An external view of the Met Office building at night.

Dr Bernard Claxton

Areas of expertise

  • Boundary layer meteorology

  • Machine learning

  • Fog and visibility modelling

Publications by Bernard 

Current activities

Bernard is a scientist working in the Boundary Layer Research group, located at the Met Office's research unit at Cardington, Bedfordshire, helping to provide research quality atmospheric observations in support of model development.

Recent work involves the development of Vera, a novel scheme for fog prediction. Vera is capable of utilising polydisperse forecast aerosol to diagnose the probability of fog forming in operational forecast models. This guidance is especially important for airports, where fog can have a major impact.

Other work involves liaising with collaborators in India to share knowledge about sub-km scale modelling, particularly of cities. As part of this activity, Vera has been coupled to a Delhi forecast model run by the Indian Institute of Tropical Meteorology.

Career background

Bernard obtained a degree in Natural Sciences (Physical) from the University of Cambridge before joining the Met Office in 1993. Whilst at Cardington, Bernard completed a PhD at UMIST, with a thesis exploring in-situ observations of entrainment at the top of the atmospheric boundary layer.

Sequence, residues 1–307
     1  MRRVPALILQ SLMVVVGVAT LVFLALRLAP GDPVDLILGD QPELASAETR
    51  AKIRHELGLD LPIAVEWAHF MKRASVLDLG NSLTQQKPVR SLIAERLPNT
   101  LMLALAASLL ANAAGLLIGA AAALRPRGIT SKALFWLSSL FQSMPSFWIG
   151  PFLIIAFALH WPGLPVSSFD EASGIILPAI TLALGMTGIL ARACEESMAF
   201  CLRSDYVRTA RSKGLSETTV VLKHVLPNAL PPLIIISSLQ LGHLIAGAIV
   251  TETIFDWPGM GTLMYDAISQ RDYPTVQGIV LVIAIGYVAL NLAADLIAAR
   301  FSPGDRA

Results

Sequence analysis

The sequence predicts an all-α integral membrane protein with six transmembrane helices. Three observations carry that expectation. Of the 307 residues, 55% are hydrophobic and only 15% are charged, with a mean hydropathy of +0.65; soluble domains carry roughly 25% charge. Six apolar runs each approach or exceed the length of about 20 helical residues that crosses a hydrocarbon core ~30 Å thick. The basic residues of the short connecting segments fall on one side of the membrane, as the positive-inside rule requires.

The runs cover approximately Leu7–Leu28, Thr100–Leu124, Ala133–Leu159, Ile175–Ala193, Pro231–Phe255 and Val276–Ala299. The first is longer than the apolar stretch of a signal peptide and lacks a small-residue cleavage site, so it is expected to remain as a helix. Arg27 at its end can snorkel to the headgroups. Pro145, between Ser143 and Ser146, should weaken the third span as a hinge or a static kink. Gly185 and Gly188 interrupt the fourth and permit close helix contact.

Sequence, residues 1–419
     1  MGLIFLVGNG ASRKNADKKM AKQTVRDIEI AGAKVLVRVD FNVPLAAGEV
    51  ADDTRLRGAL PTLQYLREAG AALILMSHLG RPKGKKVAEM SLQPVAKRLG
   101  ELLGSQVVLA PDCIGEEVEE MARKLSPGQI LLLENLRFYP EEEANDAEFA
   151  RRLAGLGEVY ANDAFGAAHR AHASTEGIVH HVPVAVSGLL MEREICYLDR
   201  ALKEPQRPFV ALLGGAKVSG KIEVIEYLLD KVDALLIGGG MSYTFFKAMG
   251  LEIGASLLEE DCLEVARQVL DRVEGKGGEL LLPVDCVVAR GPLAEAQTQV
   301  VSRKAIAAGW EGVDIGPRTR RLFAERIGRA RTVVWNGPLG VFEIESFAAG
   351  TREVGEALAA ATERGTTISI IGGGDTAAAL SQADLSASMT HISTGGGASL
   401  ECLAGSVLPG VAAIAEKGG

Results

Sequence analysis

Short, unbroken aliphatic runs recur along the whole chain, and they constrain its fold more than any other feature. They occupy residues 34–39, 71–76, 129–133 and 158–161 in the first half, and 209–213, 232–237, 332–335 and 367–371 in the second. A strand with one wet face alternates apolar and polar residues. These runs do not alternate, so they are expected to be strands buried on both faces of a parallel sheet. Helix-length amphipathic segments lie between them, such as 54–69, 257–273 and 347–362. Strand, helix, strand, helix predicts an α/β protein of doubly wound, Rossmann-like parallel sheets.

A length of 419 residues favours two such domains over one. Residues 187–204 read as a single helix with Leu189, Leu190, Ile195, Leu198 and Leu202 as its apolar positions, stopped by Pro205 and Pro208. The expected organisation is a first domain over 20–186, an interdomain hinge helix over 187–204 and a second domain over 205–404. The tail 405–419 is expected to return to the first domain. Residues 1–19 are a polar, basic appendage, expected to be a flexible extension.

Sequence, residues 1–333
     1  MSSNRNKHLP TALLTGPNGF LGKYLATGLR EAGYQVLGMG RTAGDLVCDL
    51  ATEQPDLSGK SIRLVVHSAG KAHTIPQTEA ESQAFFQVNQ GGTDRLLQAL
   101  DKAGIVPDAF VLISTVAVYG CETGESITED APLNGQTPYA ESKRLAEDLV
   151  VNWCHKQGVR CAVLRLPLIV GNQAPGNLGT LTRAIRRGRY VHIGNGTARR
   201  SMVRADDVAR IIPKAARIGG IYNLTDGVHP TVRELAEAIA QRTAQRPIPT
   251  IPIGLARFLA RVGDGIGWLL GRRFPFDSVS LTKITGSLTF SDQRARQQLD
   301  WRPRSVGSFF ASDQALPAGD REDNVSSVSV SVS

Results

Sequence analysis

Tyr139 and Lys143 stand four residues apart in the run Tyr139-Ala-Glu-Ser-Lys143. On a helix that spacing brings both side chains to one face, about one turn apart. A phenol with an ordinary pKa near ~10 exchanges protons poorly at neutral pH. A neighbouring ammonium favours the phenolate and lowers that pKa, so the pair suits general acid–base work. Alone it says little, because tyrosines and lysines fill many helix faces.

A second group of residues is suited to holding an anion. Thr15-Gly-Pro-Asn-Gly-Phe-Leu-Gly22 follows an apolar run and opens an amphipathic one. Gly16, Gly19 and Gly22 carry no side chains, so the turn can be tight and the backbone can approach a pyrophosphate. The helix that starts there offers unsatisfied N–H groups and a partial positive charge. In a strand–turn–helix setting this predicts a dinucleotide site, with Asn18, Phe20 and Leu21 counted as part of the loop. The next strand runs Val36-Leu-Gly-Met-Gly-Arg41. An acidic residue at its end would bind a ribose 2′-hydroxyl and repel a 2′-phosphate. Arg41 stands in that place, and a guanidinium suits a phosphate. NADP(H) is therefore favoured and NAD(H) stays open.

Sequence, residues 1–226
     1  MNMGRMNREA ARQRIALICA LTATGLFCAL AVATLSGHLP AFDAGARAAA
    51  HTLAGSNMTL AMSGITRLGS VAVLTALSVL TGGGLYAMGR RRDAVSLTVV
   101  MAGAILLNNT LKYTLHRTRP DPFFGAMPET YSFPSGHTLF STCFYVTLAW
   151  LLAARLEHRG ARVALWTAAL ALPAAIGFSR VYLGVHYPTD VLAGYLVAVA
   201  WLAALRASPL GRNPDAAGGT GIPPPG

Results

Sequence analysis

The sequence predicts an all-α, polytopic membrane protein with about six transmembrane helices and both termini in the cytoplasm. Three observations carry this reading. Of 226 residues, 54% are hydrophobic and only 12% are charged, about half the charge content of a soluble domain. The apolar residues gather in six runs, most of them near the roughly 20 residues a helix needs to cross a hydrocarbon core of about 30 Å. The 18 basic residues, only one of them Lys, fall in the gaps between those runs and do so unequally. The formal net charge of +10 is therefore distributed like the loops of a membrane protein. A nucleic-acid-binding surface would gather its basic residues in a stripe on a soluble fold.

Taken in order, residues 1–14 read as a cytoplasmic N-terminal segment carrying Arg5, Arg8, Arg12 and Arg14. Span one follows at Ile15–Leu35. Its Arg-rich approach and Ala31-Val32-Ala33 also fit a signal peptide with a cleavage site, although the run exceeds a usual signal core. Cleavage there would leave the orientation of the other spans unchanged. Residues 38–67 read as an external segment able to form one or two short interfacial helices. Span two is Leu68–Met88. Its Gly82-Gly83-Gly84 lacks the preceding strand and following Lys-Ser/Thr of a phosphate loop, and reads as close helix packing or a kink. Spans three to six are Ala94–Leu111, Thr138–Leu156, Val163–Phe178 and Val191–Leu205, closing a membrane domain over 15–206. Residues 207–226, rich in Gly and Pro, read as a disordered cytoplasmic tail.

One of Bernard’s early projects was evaluating and optimising the Met Office's capability to forecast road surface temperatures. This product is used to anticipate when to grit roads during the winter.

Much recent work has been focussed on fog prediction. In 2008 Bernard published a paper describing how to utilise a neural network to simulate a fog parametrisation. Since this pioneering work, machine learning has matured into a very active area of meteorological research.

Bernard has participated in numerous field campaigns, e.g. sea breezes at Bridlington, valley flow in South Wales, the Pennines and the Clun Valley, fog in southwest France and surface moisture exchange in northern Spain.

Bernard is both a Chartered Physicist and Member of the Institute of Physics, and a Fellow of the Royal Meteorological Society.